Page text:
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Trial by Fire - Did Texas execute an innocent man?

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The fire moved quickly through the house, a one-story wood-frame structure in a working-class neighborhood of Corsicana, in northeast Texas. Flames spread along the walls, bursting through doorways, blistering paint and tiles and furniture. Smoke pressed against the ceiling, then banked downward, seeping into each room and through crevices in the windows, staining the morning sky.
Buffie Barbee, who was eleven years old and lived two houses down, was playing in her back yard when she smelled the smoke. She ran inside and told her mother, Diane, and they hurried up the street; that’s when they saw the smoldering house and Cameron Todd Willingham standing on the front porch, wearing only a pair of jeans, his chest blackened with soot, his hair and eyelids singed. He was screaming, “My babies are burning up!” His children—Karmon and Kameron, who were one-year-old twin girls, and two-year-old Amber—were trapped inside.
Willingham told the Barbees to call the Fire Department, and while Dia…

Kuwait ruler rejects death penalty for religious offences

KUWAIT CITY: Kuwait’s Ameer, Sheikh Sabah al Ahmad al Sabah, has refused to sign a bill passed by parliament stipulating the death penalty for major religious offences, sources in the assembly said Wednesday.

The oil-rich Gulf state’s government has sent the bill back to parliament on Wednesday, sources said, indicating that it had been rejected by the Ameer.

The Ameer has the power to refuse bills passed by the elected parliament, but the assembly can override the rejection by passing the bill again with a two-thirds majority of the house membership of 49 MPs and 16 cabinet ministers.

The bill, passed by parliament last month, stipulates that Muslims who curse God, the Muslim holy book Quran, all prophets and the wives of Prophet Mohammed will be punished by death or life in jail.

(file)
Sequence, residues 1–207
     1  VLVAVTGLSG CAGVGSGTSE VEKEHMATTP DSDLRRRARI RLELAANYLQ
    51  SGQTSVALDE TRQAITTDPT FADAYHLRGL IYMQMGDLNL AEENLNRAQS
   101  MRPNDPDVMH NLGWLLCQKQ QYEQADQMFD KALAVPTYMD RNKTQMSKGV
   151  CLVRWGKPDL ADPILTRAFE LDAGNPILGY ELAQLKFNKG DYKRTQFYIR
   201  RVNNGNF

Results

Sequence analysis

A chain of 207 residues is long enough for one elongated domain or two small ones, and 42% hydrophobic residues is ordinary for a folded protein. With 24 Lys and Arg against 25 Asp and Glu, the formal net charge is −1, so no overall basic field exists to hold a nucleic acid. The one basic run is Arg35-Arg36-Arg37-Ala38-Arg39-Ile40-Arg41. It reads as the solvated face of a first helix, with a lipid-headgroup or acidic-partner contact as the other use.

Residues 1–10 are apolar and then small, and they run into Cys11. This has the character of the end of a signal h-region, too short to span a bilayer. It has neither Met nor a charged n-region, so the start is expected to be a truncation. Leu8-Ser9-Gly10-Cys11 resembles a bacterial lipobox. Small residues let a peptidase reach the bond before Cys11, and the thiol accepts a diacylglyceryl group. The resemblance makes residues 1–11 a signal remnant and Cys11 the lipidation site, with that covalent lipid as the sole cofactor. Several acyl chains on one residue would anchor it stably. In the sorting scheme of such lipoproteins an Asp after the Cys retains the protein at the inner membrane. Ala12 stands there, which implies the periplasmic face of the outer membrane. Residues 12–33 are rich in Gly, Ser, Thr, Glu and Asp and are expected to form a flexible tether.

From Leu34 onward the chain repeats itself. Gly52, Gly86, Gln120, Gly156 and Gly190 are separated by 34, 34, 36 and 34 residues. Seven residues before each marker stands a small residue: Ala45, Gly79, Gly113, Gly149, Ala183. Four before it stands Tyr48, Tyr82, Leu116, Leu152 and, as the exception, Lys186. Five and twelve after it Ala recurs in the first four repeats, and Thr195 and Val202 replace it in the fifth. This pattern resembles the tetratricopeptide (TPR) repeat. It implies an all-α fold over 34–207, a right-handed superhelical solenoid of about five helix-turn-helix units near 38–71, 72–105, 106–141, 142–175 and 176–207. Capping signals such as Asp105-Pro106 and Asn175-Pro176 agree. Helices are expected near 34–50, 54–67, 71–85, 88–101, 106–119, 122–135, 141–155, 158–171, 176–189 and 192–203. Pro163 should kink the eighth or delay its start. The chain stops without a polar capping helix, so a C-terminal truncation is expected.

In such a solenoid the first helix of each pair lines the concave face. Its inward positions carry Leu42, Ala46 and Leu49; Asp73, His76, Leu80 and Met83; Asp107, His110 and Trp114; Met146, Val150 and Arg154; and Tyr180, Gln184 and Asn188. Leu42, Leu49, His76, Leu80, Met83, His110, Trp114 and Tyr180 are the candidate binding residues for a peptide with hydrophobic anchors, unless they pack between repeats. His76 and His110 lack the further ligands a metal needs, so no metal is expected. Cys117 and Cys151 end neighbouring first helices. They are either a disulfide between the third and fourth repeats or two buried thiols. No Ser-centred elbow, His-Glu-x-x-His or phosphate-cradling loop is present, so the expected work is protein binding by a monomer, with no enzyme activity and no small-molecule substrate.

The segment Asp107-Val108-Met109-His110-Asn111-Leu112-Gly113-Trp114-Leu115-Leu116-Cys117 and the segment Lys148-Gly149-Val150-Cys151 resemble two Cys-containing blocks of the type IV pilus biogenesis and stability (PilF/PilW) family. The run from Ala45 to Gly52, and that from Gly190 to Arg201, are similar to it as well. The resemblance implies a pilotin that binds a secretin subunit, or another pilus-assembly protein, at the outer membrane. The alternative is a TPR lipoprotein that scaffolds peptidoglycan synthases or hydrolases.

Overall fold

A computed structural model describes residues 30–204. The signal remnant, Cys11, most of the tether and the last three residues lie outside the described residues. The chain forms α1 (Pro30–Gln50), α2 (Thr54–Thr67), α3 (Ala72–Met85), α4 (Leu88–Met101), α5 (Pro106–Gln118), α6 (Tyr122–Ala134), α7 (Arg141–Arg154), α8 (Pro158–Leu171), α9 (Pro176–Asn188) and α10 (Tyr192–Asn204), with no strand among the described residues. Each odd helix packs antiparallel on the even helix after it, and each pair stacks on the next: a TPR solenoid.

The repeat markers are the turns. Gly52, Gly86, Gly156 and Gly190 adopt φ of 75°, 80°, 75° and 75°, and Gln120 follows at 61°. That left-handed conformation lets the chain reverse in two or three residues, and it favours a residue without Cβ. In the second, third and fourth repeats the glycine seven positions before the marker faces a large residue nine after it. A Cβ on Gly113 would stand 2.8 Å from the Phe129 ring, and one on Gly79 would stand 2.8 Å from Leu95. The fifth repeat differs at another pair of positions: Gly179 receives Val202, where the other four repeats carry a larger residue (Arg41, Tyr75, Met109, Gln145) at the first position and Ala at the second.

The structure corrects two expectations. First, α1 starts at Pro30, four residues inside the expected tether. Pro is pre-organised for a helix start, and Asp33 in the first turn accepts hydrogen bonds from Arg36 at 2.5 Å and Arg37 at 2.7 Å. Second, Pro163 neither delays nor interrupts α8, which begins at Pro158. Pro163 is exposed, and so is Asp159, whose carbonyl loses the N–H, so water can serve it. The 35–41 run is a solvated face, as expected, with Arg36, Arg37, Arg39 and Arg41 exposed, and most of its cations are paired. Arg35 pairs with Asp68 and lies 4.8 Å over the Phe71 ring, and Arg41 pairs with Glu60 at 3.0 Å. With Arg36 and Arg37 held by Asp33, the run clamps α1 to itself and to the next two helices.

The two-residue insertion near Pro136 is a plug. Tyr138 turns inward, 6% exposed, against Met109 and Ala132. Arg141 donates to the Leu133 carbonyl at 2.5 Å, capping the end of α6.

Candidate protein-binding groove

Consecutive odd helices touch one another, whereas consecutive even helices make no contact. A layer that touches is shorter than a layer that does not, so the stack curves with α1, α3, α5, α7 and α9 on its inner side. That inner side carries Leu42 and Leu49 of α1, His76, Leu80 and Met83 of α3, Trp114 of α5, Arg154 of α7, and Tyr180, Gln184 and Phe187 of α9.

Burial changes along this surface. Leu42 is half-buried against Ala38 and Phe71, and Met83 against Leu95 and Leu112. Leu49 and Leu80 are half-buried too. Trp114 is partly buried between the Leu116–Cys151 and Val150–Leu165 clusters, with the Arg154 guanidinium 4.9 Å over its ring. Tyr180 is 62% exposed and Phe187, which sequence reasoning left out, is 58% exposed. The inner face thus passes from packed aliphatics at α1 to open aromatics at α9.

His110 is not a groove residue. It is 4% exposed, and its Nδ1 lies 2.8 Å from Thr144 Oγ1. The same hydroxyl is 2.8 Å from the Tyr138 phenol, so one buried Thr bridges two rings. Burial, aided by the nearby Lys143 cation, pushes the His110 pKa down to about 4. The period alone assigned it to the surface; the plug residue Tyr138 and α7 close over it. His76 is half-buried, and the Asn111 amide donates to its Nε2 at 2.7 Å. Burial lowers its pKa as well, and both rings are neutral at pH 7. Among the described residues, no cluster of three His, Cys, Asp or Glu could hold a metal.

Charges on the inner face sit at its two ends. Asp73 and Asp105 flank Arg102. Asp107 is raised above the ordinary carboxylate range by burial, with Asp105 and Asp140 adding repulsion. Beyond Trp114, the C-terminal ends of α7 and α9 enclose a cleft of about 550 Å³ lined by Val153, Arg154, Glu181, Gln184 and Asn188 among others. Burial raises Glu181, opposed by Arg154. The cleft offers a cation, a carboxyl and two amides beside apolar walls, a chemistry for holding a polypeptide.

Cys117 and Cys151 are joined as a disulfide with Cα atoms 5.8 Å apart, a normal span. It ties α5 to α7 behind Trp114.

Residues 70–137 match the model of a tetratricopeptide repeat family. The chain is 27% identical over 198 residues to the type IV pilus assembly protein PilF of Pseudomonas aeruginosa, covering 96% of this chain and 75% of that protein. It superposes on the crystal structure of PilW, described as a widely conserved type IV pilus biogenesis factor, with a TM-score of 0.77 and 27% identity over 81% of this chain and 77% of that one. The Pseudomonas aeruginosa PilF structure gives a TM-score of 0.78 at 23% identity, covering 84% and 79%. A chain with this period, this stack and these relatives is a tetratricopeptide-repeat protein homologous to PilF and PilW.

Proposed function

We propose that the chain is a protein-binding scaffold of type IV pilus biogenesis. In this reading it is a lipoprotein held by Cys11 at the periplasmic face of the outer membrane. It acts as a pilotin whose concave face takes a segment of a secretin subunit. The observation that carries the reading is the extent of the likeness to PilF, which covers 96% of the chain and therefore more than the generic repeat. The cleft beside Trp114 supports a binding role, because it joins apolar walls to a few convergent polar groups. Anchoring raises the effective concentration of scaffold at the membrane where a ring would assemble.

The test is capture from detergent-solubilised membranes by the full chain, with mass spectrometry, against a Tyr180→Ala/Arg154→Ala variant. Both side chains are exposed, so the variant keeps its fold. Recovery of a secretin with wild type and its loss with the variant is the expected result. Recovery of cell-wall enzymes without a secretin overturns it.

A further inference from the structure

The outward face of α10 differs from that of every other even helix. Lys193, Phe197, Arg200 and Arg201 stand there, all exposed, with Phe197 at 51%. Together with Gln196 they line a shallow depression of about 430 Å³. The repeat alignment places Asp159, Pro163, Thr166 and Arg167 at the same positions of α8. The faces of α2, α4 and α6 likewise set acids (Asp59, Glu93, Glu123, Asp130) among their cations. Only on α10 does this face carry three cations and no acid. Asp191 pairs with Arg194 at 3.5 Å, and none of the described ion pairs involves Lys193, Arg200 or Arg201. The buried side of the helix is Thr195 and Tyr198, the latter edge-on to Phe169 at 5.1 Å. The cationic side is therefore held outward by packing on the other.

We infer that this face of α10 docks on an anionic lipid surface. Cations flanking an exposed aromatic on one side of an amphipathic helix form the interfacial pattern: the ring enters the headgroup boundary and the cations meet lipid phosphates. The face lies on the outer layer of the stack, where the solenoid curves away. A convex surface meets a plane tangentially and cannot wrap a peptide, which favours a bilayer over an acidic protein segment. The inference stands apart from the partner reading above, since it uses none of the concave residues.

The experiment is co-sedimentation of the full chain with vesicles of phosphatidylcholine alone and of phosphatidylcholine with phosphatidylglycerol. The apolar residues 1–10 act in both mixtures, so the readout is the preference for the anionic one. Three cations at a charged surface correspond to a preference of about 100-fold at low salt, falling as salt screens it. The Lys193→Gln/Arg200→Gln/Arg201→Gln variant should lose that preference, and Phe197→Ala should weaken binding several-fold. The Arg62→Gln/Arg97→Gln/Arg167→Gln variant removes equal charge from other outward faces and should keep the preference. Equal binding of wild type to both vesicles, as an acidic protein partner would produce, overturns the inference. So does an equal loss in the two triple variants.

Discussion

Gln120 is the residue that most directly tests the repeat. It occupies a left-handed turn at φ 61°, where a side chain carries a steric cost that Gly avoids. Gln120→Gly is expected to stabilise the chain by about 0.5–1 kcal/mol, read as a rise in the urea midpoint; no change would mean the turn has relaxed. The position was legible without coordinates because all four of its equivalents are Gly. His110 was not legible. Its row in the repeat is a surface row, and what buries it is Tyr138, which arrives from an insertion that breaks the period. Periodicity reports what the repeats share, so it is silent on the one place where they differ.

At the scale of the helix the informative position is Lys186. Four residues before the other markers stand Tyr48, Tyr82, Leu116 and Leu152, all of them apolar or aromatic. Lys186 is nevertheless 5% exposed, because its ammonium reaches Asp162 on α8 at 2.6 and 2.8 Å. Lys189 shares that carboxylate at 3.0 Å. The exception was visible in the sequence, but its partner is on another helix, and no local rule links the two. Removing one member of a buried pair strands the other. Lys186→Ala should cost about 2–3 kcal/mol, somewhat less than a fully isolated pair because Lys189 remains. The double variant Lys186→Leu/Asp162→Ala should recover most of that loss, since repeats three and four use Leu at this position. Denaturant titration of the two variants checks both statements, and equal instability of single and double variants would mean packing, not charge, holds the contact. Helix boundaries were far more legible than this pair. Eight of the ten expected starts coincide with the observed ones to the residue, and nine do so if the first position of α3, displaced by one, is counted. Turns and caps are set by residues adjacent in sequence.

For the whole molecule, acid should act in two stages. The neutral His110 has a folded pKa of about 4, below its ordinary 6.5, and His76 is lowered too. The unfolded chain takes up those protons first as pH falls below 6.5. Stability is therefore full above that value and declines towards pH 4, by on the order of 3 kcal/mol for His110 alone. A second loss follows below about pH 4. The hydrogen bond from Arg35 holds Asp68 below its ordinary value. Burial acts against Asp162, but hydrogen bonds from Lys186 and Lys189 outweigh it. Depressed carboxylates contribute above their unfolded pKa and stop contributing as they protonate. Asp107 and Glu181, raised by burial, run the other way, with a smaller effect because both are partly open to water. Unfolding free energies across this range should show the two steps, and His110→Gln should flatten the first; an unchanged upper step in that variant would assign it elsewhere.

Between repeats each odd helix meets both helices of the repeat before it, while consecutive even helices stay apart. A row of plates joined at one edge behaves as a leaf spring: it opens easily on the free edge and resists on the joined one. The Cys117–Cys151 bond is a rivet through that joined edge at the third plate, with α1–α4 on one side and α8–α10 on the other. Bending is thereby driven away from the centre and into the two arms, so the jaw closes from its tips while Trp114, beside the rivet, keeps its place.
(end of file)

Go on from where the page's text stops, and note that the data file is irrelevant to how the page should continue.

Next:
The bill introduced two new articles to the Gulf state’s penal code specifically to stiffen penalties for such offences. Non-Muslims who commit the same offence face a jail term of not less than 10 years, according to the bill.

Defendants who repent in court will be spared the death penalty, but will get a jail sentence for five years and a fine of $36,000 or one of them, while repentance by those who repeat the crime is not acceptable, the bill says.

The move to harden penalties for religious crimes came after authorities in March arrested Shia tweeter Hamad al Naqi for allegedly cursing the Prophet Mohammed, his wife Aisha and some companions.

Naqi was on Monday sentenced by the lower court to 10 years in jail, according to his lawyer Khaled al Shatti who said he will challenge the term in the appeals court.

Kuwaiti courts have in the past several months jailed activists from both sects over religious offences.

Sectarian tensions have flared in Kuwait between the Sunni majority and Shias, who form about a third of the native population of 1.17 million, reflecting rising regional tensions between the two Islamic sects.

Offences including drug trafficking and murder earn the death penalty in Kuwait. However, the last execution was implemented in the Gulf country in May 2007.

Source: Agence France-Presse, June 6, 2012

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